Format

Send to:

Choose Destination
See comment in PubMed Commons below
Sleep Med. 2011 Jun;12(6):603-9. doi: 10.1016/j.sleep.2010.09.018. Epub 2011 May 12.

Alterations in pain responses in treated and untreated patients with restless legs syndrome: associations with sleep disruption.

Author information

  • 1Department of Anesthesiology, Perioperative and Pain Medicine, Harvard Medical School, Brigham & Women's Hospital, Chesnut Hill, MA 02467, USA. RREdwards@partners.org

Abstract

OBJECTIVE:

There has been recent interest in characterizing potential abnormalities of pain processing in patients with sleep disorders such as Restless Legs Syndrome (RLS). The aim of this study was to evaluate psychophysical responses to noxious heat and pressure stimuli in both treated and untreated RLS patients, compared to matched controls.

METHODS:

This study is a cross-sectional group comparison of RLS patients with matched controls. A total of 31 patients (15 treated, 16 untreated) with a confirmed diagnosis of RLS were compared to 18 controls with no history of RLS or related sleep disorders.

RESULTS:

RLS patients (both treated and untreated) demonstrated reduced pain thresholds and reported greater clinical pain relative to controls. Moreover, RLS patients demonstrated enhanced temporal summation of heat pain (p<.05), which may reflect aberrant central nervous system facilitation of pain transmission. Both treated and untreated RLS patients reported disrupted sleep relative to controls, and mediation analyses suggested that the reduced pain thresholds in RLS were attributable to sleep disturbance. However, the effect of RLS on the magnitude of temporal summation of heat pain was independent of sleep disturbance.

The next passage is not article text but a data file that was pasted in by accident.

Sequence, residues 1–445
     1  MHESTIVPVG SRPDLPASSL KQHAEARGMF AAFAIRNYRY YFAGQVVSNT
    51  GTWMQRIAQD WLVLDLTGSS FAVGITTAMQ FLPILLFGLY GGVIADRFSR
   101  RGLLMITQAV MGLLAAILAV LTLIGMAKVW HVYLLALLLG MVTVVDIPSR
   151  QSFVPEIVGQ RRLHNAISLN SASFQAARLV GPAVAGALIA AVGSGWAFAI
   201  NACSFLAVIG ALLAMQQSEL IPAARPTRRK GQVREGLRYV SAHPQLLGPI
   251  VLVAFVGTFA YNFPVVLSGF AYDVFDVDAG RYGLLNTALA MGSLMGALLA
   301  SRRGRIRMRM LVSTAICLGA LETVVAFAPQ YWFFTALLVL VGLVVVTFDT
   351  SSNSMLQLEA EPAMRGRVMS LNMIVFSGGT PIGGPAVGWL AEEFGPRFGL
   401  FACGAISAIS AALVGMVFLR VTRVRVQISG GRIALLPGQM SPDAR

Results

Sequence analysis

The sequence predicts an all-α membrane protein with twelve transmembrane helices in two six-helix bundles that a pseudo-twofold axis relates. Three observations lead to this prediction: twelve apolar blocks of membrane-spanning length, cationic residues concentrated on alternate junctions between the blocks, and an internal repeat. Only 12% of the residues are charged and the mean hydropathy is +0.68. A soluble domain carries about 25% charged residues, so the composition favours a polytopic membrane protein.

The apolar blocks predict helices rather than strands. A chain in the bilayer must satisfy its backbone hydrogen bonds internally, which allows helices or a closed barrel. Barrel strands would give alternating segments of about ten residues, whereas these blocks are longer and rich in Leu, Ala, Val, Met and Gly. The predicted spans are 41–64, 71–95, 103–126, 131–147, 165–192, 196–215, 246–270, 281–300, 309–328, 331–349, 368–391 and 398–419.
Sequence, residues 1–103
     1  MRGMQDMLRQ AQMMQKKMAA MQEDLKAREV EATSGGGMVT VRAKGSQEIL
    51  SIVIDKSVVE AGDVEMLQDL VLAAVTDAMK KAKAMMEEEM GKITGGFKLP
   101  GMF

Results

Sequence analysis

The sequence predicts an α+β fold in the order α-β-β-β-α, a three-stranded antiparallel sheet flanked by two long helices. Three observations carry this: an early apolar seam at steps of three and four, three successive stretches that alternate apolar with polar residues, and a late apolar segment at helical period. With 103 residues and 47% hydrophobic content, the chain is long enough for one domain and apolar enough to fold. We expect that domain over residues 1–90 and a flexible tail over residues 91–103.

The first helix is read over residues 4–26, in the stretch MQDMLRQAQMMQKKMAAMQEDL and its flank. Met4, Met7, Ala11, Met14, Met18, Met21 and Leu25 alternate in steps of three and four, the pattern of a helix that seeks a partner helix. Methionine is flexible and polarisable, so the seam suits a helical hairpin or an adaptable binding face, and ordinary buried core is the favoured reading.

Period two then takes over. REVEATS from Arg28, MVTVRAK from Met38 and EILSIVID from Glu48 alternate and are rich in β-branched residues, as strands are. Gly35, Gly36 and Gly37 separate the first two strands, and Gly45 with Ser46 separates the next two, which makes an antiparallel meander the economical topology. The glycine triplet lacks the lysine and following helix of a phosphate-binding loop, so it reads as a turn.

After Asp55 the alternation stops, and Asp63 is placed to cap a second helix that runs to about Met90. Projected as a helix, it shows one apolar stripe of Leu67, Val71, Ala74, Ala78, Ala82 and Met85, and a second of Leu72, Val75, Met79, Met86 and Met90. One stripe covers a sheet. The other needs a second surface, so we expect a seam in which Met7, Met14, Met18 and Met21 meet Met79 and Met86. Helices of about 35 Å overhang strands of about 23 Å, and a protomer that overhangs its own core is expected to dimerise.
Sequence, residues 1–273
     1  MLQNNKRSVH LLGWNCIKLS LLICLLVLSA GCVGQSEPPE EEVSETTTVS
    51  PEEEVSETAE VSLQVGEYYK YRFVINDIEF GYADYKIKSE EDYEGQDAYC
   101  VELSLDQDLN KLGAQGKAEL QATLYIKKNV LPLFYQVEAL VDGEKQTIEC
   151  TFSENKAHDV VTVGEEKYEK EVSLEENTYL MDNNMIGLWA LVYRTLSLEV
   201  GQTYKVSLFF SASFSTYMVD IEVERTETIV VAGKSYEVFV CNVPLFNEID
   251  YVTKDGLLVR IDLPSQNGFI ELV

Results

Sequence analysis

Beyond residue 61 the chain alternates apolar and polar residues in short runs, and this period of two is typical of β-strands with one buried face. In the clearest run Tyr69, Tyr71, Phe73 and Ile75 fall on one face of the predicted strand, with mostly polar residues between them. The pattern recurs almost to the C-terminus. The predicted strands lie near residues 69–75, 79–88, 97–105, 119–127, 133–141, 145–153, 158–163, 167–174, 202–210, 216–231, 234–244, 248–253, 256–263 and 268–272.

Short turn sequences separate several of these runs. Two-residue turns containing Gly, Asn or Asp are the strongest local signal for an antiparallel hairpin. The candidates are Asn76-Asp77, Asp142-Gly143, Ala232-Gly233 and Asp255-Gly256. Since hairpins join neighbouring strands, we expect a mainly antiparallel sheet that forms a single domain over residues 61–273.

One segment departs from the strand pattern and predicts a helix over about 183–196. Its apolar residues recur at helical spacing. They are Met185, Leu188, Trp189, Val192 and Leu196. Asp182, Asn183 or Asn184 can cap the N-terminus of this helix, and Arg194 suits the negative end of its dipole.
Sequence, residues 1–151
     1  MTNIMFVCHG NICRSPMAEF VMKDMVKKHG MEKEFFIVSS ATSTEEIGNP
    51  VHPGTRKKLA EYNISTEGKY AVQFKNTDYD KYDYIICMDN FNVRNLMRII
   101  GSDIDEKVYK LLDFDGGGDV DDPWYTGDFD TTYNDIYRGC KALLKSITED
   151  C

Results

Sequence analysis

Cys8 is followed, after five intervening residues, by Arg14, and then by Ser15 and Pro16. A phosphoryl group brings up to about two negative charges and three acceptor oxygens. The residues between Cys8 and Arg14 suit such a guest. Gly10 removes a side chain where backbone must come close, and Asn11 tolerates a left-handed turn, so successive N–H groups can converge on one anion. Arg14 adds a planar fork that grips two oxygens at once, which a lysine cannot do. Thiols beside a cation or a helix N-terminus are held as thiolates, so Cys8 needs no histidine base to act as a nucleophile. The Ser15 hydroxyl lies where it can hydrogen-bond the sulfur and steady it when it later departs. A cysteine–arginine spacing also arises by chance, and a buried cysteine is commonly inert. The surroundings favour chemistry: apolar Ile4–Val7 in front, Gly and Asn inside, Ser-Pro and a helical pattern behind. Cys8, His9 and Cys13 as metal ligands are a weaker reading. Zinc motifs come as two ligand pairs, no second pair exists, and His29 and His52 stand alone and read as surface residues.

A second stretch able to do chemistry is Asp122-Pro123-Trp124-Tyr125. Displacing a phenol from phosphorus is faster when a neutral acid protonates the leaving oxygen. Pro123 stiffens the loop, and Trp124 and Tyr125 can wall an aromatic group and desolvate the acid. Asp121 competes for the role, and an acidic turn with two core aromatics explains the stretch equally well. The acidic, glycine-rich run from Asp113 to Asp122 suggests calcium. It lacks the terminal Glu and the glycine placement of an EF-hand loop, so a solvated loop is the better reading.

CONCLUSIONS:

These findings suggest that central nervous system pain processing may be amplified in RLS, perhaps partially as a consequence of sleep disruption. RLS patients, even those whose symptoms are managed pharmacologically, may be at elevated long-term risk for the development or maintenance of persistent pain conditions. Further studies in larger samples could help to improve the prospects for pain management in RLS patients.

Copyright © 2011 Elsevier B.V. All rights reserved.

PMID:
21570347
[PubMed - indexed for MEDLINE]
PMCID:
PMC3433041
Free PMC Article
PubMed Commons home

PubMed Commons

0 comments
How to join PubMed Commons

    Supplemental Content

    Full text links

    Icon for Elsevier Science Icon for PubMed Central
    Loading ...
    Write to the Help Desk